Privacy-enhancing technologies shouldn’t be an afterthought for startups

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Running out of cash is a common cause of startup failure. Many fledgling organisations focus on growth strategies such as customer acquisition and product development. This means data privacy may not be high on the list. However, the cost of a data breach can be catastrophic.

Cash-strapped startups should keep privacy-enhancing technologies in mind when developing their data-privacy strategy. Privacy-enhancing technologies, or PETs, are deployed by businesses when collecting, storing, and processing information.

A business might use these technologies in the hope that they will provide the organisation with a minimised risk of data breaches, all while preserving the data’s utility.

Some of the key PET techniques and applications are:

– Anonymisation tools

– Encryption techniques

– Trusted execution environments

– AI-generated synthetic data

As businesses become increasingly dependent on data and collect more and more of it, it’s crucial for startups to weave their consideration of PETs into their strategies from the very beginning, as part of a wider consideration of good governance of data.

A privacy-focused culture from the outset

Though startups often have their core values centred around growth and progress, incorporating PETs at the inception is about more than just complying with regulations. It’s also about creating a culture that prioritises privacy and building a strong foundation for future growth and limiting risk.

Even established businesses are getting their approach to data, privacy and the adoption of new technologies, including AI, wrong. Our own survey of organisations both in the UK and the US found that only 34% of businesses had undertaken any data mapping, the process of understanding all of the data you hold and where it is.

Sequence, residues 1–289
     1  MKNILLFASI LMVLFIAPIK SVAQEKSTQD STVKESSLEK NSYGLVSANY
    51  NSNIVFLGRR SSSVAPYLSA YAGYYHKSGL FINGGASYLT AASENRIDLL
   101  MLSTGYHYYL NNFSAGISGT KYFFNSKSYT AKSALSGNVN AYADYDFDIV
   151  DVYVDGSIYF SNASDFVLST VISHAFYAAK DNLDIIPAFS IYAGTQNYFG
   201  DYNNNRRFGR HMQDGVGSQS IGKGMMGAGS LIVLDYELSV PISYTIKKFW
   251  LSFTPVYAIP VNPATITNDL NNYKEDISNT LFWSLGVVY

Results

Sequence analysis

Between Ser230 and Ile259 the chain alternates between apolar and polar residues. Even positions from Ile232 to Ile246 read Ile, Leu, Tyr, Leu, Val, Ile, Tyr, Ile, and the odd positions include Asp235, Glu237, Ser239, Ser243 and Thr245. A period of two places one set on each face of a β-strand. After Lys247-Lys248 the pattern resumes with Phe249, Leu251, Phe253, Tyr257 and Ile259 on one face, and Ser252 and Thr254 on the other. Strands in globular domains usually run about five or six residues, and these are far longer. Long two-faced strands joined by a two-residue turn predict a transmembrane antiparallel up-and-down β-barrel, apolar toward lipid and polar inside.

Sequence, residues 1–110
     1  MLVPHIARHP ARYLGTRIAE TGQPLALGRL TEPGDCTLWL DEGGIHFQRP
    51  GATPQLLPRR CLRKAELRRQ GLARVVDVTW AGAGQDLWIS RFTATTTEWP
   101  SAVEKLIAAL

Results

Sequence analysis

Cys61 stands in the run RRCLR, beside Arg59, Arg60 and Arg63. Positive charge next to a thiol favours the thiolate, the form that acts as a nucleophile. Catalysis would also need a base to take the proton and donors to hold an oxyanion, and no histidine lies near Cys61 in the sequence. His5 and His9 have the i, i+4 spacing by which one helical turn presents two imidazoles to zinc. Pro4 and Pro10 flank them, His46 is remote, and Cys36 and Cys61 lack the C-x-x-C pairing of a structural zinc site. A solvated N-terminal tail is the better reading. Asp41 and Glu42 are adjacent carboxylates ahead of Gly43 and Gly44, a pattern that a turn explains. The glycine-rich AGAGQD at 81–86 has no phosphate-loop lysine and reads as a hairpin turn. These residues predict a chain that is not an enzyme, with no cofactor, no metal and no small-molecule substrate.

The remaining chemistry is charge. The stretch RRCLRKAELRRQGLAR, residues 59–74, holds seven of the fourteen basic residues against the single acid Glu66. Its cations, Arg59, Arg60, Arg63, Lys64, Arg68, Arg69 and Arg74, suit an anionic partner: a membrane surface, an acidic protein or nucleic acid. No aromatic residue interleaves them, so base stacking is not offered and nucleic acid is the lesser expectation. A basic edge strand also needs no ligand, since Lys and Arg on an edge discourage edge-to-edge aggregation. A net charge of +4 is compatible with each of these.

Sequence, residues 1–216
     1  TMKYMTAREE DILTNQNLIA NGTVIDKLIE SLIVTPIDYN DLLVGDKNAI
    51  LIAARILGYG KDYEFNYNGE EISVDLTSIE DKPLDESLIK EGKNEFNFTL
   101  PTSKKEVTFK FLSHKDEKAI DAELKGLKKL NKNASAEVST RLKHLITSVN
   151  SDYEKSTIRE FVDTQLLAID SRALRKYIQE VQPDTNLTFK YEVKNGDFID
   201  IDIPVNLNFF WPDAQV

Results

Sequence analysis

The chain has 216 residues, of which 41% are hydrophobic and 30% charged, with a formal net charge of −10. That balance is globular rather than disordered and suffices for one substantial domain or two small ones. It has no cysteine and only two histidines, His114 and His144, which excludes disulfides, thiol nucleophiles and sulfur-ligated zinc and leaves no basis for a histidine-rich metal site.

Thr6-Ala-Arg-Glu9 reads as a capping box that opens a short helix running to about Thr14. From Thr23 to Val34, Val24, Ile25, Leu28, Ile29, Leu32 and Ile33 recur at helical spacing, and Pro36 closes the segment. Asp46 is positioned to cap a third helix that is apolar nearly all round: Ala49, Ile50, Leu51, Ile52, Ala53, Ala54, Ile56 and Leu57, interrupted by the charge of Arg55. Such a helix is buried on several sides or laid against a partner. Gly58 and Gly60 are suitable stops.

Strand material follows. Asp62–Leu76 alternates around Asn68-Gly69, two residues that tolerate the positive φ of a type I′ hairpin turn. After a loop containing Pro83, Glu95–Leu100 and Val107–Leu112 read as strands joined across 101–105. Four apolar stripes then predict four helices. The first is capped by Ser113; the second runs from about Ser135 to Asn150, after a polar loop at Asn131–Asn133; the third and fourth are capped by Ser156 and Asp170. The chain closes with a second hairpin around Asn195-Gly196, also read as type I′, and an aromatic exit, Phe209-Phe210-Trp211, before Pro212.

On the other hand, the attitude towards AI adoption was considerably more enthusiastic, with 81% of organisations saying they were using or planning to use some form of AI technology. This dichotomy is concerning, given that AI is built upon the data in which it is fed. Getting this right from the offset is important as it could have huge cost implications if it all goes wrong.

The value proposition of privacy

Cybersecurity breaches are reported in a near-constant manner. With evolving techniques and increasingly sophisticated criminal behaviour from groups with intimidating scale, cybersecurity can feel like a losing battle. The cost implications of letting your focus on cybersecurity slip can be catastrophic for all businesses, not least emerging startups where funds are scarce. IBM has reported that UK organisations face an average cost of £3.4m for data breach incidents in its annual ‘Cost of a Data Breach report’.

As a startup, you might think that you’re not a prime target, but it’s not the value of your business, it’s the value of your data that is the target. Therefore, it’s important to have secure foundations and really understand the tech that you’re putting your trust into.